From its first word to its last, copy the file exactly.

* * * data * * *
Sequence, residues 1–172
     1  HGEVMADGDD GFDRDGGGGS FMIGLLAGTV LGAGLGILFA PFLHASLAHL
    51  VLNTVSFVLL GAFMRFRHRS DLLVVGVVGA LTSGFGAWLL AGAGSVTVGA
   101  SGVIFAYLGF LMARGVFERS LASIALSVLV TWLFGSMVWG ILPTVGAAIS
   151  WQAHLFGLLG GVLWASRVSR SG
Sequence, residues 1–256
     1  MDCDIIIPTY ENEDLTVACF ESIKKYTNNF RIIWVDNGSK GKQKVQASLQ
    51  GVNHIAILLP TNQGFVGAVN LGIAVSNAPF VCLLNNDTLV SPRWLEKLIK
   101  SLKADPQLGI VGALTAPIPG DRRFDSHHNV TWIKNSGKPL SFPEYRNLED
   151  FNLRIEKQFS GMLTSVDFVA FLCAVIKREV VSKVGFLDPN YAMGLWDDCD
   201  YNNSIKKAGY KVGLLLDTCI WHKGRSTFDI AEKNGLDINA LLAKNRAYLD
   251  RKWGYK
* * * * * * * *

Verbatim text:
Sequence, residues 1–172
     1  HGEVMADGDD GFDRDGGGGS FMIGLLAGTV LGAGLGILFA PFLHASLAHL
    51  VLNTVSFVLL GAFMRFRHRS DLLVVGVVGA LTSGFGAWLL AGAGSVTVGA
   101  SGVIFAYLGF LMARGVFERS LASIALSVLV TWLFGSMVWG ILPTVGAAIS
   151  WQAHLFGLLG GVLWASRVSR SG
Sequence, residues 1–256
     1  MDCDIIIPTY ENEDLTVACF ESIKKYTNNF RIIWVDNGSK GKQKVQASLQ
    51  GVNHIAILLP TNQGFVGAVN LGIAVSNAPF VCLLNNDTLV SPRWLEKLIK
   101  SLKADPQLGI VGALTAPIPG DRRFDSHHNV TWIKNSGKPL SFPEYRNLED
   151  FNLRIEKQFS GMLTSVDFVA FLCAVIKREV VSKVGFLDPN YAMGLWDDCD
   201  YNNSIKKAGY KVGLLLDTCI WHKGRSTFDI AEKNGLDINA LLAKNRAYLD
   251  RKWGYK